Serous membrane

The serous membrane (or serosa) is a smooth tissue membrane of mesothelium lining the contents and inner walls of body cavities, which secrete serous fluid to allow lubricated sliding movements between opposing surfaces. The serous membrane that covers internal organs is called a visceral membrane; while the one that covers the cavity wall is called the parietal membrane. Between the two opposing serosal surfaces is often a potential space, mostly empty except for the small amount of serous fluid.[2]

Serous membrane
Stomach. (Serosa is labeled at far right, and is colored yellow.)
Latintunica serosa
Anatomical terminology
Serous membrane lines the pericardial cavity and reflects back to cover the heart—much the same way that an underinflated balloon would form two layers surrounding a fist.[1]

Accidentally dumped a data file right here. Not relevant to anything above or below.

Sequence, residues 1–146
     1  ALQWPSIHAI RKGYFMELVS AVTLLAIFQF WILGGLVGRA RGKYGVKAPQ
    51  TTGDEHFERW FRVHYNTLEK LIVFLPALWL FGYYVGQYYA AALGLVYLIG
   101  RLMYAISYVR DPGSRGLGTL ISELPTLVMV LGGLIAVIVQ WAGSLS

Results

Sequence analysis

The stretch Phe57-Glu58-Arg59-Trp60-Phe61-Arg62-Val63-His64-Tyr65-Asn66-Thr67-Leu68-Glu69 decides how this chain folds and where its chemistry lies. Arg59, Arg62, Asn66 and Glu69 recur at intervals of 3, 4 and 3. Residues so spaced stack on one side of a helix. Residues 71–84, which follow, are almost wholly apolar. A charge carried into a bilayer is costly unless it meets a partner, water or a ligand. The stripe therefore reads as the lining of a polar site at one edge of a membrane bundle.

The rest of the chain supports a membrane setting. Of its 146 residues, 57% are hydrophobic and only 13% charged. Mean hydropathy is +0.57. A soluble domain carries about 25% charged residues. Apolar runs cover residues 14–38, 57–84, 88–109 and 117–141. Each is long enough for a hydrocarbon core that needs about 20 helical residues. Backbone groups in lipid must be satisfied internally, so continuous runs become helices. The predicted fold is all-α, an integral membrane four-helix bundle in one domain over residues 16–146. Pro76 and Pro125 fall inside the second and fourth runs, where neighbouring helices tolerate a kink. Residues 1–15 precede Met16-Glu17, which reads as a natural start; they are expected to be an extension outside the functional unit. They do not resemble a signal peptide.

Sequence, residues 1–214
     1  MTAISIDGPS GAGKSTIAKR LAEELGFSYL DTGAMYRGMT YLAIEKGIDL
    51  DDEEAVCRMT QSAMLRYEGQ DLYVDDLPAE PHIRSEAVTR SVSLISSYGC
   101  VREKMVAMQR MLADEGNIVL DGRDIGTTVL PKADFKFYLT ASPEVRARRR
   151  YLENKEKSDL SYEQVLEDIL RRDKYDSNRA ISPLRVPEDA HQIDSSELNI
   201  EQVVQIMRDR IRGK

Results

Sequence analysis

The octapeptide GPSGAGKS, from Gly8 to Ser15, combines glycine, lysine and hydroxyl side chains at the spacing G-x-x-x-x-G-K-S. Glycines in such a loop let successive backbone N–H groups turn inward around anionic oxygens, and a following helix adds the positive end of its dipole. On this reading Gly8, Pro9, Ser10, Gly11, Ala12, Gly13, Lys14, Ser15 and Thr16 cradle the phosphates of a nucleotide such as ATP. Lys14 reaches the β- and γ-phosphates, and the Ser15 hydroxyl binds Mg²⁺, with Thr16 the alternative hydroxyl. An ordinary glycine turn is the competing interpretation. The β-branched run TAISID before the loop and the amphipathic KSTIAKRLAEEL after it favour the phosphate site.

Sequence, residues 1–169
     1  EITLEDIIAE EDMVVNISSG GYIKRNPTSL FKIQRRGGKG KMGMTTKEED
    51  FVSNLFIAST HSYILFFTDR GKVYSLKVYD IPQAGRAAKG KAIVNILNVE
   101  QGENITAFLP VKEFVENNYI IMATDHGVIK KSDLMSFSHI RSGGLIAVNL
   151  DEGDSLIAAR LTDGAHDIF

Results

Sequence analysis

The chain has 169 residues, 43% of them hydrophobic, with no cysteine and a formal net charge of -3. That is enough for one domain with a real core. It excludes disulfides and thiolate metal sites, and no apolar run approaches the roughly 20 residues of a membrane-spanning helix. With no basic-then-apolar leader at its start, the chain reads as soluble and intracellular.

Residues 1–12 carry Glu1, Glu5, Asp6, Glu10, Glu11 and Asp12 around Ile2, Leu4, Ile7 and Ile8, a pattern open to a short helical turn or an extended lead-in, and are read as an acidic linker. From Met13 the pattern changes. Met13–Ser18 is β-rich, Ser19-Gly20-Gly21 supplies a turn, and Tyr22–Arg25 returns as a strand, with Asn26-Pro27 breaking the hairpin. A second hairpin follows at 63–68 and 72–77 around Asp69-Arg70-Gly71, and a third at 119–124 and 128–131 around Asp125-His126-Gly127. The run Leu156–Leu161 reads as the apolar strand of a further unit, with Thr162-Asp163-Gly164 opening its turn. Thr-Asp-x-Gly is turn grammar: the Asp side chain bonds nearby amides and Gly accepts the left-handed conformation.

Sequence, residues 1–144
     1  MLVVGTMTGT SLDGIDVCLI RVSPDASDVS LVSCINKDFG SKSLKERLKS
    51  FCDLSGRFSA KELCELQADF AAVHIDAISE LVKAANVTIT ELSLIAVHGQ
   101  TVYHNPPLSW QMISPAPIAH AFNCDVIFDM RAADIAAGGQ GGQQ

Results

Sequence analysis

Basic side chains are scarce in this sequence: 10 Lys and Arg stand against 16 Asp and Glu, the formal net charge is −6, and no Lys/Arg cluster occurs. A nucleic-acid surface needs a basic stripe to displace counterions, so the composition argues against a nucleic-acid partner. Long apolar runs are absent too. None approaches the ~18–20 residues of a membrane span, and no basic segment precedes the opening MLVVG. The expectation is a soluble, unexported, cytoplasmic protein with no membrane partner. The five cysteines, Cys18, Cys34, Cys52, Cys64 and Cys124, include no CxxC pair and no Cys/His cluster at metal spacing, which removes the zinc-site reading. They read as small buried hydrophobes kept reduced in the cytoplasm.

The Latin anatomical name is tunica serosa. Serous membranes line and enclose several body cavities, also known as serous cavities, where they secrete a lubricating fluid which reduces friction from movements. Serosa is entirely different from the adventitia, a connective tissue layer which binds together structures rather than reducing friction between them. The serous membrane covering the heart and lining the mediastinum is referred to as the pericardium, the serous membrane lining the thoracic cavity and surrounding the lungs is referred to as the pleura, and that lining the abdominopelvic cavity and the viscera is referred to as the peritoneum.

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